The International Olympic Committee announced in March that it would retest Turin samples, just as it rechecked some samples from the 2004 and 2008 Summer Games in Athens and Beijing retroactively catching 10 dopers.
The IOC stores Olympic samples for eight years to allow for retesting if new methods become available. The Turin retesting involves a wider detection window, possibly going back as much as six months or more after steroids were taken.
"The IOC is currently retesting some of the samples collected during the Olympic Winter Games in Turin in 2006 and we can confirm that we are using the new long-term metabolites method to detect anabolic steroids," the IOC said in a statement.
The method will be used in the drug-testing program at the Sochi Olympics in February.
Ljungqvist said the IOC expects to have the results of the Turin tests by the end of the year. The tests are looking for steroids, new generations of the blood-booster EPO and growth hormone, he told the AP in a telephone interview.
Urine and blood samples from Turin are stored at the doping laboratory in Lausanne, Switzerland.
Ljungqvist said more Beijing samples could now be retested using the improved steroid test. While the samples that have already been retested no longer exist, many others remain.
"We can go back to Beijing before 2016," Ljungqvist said. "We may do that. We haven't decided yet. We will do it as the eight-year time approaches."
Under newly approved global rules, the statute of limitations in doping cases will be increased to 10 years starting in 2015.
According to a weekend report by German broadcaster ARD, doping labs in Cologne and Moscow using the new method have detected hundreds of positive cases in recent months. The report said the substances included oral turinabol, a steroid widely used in the former East Germany, and stanozolol, the drug which led to Ben Johnson's disqualification at the 1988 Seoul Olympics.
Ljungqvist said he had no independent information on the contents of the ARD report, suggesting the cases may have involved "very old samples" tested for research purposes.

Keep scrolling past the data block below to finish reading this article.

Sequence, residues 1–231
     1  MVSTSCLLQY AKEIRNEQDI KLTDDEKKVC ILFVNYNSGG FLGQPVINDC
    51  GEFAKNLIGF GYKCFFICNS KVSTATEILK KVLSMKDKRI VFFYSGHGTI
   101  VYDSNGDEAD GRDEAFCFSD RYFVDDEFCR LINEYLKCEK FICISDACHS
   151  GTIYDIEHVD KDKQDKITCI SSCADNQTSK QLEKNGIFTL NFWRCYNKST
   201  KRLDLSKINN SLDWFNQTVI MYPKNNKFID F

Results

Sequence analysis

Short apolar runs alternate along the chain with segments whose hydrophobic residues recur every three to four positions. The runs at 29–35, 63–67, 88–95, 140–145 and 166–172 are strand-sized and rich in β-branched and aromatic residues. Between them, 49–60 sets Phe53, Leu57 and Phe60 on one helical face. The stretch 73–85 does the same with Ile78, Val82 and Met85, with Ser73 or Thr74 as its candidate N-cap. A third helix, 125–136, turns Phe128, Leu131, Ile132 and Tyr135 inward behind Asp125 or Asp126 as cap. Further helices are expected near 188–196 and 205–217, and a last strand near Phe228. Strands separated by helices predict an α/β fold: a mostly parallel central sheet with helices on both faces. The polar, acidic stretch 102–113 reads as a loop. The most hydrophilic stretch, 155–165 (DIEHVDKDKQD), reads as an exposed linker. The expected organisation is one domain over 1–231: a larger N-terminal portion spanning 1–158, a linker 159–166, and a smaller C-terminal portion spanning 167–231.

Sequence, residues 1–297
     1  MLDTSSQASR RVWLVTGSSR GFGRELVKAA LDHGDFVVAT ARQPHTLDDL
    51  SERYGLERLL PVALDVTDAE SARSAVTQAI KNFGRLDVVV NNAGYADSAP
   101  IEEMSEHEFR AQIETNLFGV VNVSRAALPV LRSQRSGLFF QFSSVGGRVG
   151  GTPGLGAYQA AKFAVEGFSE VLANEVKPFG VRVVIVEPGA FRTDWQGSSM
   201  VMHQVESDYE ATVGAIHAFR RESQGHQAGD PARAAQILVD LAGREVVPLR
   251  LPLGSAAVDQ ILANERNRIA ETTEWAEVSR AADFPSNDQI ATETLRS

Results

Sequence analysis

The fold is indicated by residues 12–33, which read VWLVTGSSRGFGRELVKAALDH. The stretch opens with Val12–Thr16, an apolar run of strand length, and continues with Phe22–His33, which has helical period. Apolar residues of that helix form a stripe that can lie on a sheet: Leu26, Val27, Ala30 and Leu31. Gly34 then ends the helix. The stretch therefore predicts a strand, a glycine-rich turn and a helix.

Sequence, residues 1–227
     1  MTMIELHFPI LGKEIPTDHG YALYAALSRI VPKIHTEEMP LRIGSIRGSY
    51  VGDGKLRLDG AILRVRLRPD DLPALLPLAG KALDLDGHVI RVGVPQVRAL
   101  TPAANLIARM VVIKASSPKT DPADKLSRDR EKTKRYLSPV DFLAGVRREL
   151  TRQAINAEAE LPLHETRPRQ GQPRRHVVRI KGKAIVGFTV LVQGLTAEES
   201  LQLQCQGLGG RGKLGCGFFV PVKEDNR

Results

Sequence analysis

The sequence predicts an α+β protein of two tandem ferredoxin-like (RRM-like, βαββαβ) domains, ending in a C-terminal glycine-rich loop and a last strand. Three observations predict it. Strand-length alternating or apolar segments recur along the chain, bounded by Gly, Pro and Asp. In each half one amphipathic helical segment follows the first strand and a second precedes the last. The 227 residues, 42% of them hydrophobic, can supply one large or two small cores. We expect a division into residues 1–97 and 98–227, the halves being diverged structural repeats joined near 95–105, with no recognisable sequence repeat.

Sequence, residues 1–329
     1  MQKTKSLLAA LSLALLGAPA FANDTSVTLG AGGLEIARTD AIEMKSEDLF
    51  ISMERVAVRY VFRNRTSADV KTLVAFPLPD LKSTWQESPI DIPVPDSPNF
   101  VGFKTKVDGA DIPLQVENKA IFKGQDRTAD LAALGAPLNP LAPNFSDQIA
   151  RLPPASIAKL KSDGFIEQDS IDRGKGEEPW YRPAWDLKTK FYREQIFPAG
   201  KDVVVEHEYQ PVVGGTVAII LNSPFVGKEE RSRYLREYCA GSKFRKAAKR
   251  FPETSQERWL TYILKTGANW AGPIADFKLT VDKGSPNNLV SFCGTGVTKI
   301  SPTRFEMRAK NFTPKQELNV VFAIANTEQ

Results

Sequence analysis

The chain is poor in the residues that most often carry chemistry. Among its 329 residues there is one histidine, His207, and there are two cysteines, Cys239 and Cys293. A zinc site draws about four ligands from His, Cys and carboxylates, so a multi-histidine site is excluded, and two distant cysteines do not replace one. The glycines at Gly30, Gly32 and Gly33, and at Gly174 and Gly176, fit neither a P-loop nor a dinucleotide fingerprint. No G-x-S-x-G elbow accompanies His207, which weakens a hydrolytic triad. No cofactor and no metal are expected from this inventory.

"It's nothing that we have initiated," he said.
The exact number of retests is not known, but Ljungqvist said the IOC had identified "a couple of hundred" samples for possible reanalysis. Endurance events such as cross-country skiing are considered the most open to doping abuse.
The IOC wants to wrap up the testing process, including any sanctions, before the Sochi Games, which begin Feb. 7.
In 2010, the IOC reanalyzed some Turin samples for insulin and blood-booster CERA but all came back negative. The IOC decided a few months ago to test more samples before the eight-year deadline runs out in February 2014.
Only one positive case was recorded during the Turin Games Russian biathlete Olga Pyleva was stripped of a silver medal after testing positive for a banned stimulant.
But Turin was hit by a major doping scandal when Italian police acting on a tip-off from the IOC raided the lodgings of the Austrian cross-country and biathlon team, seizing blood-doping equipment. While no Austrian athletes tested positive at the time, four later received life bans from the IOC.
Last year, the IOC retested samples from the Athens Olympics and caught five athletes who were retroactively stripped of medals for using steroids, including men's shot put winner Yuriy Bilonog of Ukraine.
Previously, retests of samples from Beijing for CERA led to five positive cases with Bahrain runner Rashid Ramzi stripped of gold in the 1,500 meters.
On a separate issue, Ljungqvist said he was confident the Russian lab assigned to test doping samples in Sochi will be ready for the games, despite a threat of sanctions from the World Anti-Doping Agency.
On Sunday, WADA gave the lab until Dec. 1 to start reforms to improve the reliability of its results, or face a six-month suspension. The Moscow lab is due to set up a "satellite" facility in Sochi for the Olympics.
"We interpret the WADA decision as if we will have the Moscow lab available," said Ljungqvist, outgoing WADA vice president. "We take that for granted. They (the Russians) will of course fulfill the requirements established in the decision to make sure they have the proper procedures in place. We are feeling pretty confident."
Otherwise, the Sochi samples would have to be sent to another lab outside Russia for testing, posing logistical and financial issues.
"Of course, we have to have a 'Plan B,' but the 'Plan B' is not attractive," Ljungqvist said. "That would be to send samples out of Russia. We have to find a lab which wishes to do that and I'm not sure what labs may wish to do that. It's quite risky with transport and all that."
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